In other words, if you are using two highly correlated technical indicators such as the Relative Strength Index, and the Stochastics indicator, you do not gain much additional insight by using both. This is because both of these indicators are considered momentum indicators, and they are essentially redundant.
Once you’ve gone through the process of cleaning up your trading checklist, it’s time to incorporate it into your overall routine. Often, traders go through the necessary steps to create a viable trading checklist, but eventually abandon the checklist process altogether at some point.
They do this either because they believe that they no longer need it or find it to be an annoyance. Either way, this is a mistake, and often leads to them reverting to bad habits and unforced errors in the market.
Key Components Of A Trading Checklist
Let’s now take a look at some of the key components in building a forex trading checklist. Now we’re going to get into the nuts and bolts of a well thought out trading checklist. Although we will be detailing some of the more important elements within the checklist, you should feel free to add any other steps that are specific to your particular strategy or process.
Confirm that the trade set up meets your minimum requirements – Whether you are using a manual process for scanning your trade setups, or utilizing some automated software to help you scan for potential trade setups, once you have the pattern or structure that looks promising, you will need to analyze it appropriately to ensure that it meets your minimum requirements.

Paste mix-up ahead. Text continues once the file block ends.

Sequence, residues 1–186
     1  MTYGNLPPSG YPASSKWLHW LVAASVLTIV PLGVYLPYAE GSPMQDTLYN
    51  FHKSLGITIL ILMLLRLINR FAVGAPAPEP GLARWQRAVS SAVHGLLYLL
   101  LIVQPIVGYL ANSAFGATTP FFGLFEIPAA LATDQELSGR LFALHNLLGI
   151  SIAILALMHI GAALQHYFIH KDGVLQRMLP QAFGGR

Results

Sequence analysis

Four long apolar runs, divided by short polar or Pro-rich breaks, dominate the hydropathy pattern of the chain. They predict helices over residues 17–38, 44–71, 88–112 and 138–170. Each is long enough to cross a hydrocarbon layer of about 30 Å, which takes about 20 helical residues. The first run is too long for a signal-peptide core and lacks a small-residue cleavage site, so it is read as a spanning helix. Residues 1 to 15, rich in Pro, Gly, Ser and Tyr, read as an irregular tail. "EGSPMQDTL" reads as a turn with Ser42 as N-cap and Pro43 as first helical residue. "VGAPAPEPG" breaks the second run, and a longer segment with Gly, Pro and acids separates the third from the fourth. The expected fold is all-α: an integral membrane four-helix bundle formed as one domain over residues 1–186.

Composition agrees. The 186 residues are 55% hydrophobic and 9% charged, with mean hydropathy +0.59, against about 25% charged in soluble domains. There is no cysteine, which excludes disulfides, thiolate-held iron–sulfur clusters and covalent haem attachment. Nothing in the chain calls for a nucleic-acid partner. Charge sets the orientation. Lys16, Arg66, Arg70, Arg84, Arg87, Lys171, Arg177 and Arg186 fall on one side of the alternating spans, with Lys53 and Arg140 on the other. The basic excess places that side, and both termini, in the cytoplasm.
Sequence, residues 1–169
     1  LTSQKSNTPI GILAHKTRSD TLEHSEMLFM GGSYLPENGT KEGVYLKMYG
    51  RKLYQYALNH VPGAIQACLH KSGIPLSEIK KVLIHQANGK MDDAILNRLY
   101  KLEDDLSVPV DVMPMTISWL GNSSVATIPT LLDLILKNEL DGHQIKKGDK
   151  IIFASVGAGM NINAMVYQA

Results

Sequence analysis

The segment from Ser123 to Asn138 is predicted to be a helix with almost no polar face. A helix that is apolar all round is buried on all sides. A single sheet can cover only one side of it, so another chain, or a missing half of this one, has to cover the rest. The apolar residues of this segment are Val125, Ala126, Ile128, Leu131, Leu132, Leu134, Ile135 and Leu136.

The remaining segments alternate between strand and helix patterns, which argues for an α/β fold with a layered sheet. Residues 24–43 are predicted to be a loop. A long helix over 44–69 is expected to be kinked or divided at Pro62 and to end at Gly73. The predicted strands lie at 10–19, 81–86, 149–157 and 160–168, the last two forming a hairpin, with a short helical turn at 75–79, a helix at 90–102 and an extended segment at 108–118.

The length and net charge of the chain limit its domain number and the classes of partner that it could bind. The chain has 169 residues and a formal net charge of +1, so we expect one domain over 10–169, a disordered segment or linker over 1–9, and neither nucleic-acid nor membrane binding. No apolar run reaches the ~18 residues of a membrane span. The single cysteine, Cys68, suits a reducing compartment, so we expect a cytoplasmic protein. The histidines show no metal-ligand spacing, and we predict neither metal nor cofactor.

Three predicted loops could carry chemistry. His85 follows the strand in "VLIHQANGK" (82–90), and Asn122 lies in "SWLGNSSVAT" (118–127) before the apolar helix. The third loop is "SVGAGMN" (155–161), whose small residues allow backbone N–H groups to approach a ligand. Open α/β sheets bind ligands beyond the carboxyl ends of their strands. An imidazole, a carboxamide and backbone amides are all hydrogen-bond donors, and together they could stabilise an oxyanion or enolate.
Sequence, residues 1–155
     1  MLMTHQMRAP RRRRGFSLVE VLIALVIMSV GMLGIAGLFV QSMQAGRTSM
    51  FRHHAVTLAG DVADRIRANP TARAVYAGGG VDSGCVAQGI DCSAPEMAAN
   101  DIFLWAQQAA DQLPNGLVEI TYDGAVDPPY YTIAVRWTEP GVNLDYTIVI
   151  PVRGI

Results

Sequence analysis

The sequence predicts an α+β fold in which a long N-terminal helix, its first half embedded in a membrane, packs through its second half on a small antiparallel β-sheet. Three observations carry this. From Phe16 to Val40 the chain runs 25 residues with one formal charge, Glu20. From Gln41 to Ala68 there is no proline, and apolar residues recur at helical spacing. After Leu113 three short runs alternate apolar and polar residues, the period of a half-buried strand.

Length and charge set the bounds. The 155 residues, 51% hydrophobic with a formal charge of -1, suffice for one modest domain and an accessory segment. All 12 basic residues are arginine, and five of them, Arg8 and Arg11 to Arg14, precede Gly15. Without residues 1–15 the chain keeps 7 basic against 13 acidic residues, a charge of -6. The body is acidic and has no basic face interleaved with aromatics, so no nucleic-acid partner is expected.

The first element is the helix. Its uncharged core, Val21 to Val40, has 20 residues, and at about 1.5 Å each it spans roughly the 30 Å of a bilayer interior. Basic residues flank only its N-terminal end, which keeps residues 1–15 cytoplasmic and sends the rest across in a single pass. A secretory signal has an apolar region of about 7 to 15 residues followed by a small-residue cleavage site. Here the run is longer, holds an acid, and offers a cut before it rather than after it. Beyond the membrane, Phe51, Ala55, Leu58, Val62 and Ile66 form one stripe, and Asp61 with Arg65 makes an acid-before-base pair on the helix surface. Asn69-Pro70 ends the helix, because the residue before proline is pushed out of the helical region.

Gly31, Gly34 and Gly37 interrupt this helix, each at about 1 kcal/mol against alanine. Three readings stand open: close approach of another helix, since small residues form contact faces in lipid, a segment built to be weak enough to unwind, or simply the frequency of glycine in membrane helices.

You need to be very specific on what those minimum requirements are. For example, if you are utilizing a Bollinger band squeeze breakout strategy, you’ll want to detail the exact parameters that define the squeeze play, and amount of price contraction that is acceptable.
Confirm any and all filters for the trade set up – Once you’re confident that the minimum requirements for the trade set up have been met, then you will need to move to the next step and analyze any and all confirming technical or fundamental factors that are required to align with your trade.
For example, taking the same example from above, you may require that the Bollinger band squeeze set up occur above the 50 day moving average line for a long trade, or occur below the 50 day moving average line for a short trade. Additionally, you may have a news filter which disallows execution on any trade set up that occurs two days prior to a major economic news release, such as a central bank rate statement, or Nonfarm payroll report.